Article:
After I did not get any call from the airline, even after waiting till 11 AM the morning. I decided to take matters into my own hands.

I started digging into the airline's website trying the co-passenger’s PNR in the hope to get an address or number by trying different methods like check-in, edit booking, and update contact, but no luck whatsoever.

After all the failed attempts, my dev instinct kicked in and I pressed the F12 button on my computer keyboard and opened the developer console on the website, and started the whole check-in flow with the network log record on.

There, in one of the network responses was the phone number and email ID of my co-passenger.

And that my friends, I call my Low Key Hacker Moment 😂😂.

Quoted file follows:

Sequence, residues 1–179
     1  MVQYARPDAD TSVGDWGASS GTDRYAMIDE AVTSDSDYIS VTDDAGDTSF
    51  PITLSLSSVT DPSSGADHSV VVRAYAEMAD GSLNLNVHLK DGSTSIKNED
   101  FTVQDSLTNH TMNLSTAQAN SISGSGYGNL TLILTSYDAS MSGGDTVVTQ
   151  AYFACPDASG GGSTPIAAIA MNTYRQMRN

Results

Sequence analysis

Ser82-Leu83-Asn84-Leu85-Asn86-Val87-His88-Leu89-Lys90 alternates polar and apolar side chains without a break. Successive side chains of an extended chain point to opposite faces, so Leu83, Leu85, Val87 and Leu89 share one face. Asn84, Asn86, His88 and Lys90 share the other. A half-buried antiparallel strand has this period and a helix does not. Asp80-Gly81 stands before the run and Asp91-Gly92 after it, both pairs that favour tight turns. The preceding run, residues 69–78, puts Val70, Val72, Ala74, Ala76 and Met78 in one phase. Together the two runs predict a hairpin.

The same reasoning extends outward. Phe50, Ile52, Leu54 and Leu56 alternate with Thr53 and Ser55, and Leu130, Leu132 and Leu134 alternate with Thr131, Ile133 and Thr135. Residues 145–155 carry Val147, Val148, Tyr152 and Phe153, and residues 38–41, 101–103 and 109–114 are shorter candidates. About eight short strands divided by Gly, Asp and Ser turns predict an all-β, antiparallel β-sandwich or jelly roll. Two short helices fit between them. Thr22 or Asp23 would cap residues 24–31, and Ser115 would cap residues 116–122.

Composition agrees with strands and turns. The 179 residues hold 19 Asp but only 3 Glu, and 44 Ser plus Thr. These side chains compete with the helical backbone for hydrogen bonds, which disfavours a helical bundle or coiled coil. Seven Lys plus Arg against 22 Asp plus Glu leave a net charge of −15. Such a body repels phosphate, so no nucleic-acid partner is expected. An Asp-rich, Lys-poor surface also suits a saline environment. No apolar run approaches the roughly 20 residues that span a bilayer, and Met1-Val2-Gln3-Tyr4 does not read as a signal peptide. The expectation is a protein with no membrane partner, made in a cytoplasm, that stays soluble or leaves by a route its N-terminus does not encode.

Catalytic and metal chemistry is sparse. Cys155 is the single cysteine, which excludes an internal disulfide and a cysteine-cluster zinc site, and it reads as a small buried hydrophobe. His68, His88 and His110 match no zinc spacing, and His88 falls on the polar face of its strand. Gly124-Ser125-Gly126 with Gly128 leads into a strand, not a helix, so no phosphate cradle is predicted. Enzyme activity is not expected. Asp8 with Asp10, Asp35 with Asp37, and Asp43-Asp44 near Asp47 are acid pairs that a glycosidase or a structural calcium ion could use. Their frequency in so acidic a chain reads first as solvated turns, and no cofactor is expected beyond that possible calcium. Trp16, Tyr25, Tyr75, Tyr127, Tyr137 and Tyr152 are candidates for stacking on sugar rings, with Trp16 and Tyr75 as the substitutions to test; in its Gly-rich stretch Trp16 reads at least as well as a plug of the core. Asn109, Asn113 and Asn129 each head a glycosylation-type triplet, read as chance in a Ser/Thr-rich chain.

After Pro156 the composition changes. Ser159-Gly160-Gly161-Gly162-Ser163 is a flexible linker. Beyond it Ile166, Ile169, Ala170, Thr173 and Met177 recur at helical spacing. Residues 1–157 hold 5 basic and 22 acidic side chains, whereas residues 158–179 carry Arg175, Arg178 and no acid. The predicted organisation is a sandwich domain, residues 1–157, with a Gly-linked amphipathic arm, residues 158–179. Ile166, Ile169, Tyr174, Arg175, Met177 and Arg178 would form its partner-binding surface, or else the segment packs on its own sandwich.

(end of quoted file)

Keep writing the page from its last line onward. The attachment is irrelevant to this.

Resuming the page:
breezy-hacker (1).gif

The Execution:

Now comes the final part. After getting the phone number of my co-passenger, I was able to reach him with the phone number I got from the logs, met with him at a center point, and got our bags swapped.


It was a win-win day for me. I got my bag back with all my stuff intact. phew... Lucky me..!!

On the same evening, I wrote my infamous tweet, that made me the "Hacker" as you know me today. You can read the whole thread here -


Now that I have narrated the whole incident. There may be a few questions in your mind. I will now try to answer them one by one. Let's get going -

  • Did I really hack the Airline website?

    Well..!! Technically no. I just used the data they were sending over in an API call. The data was accessible and wasn't encrypted. So it was easy as it can be.

  • Was there a security flaw in the website?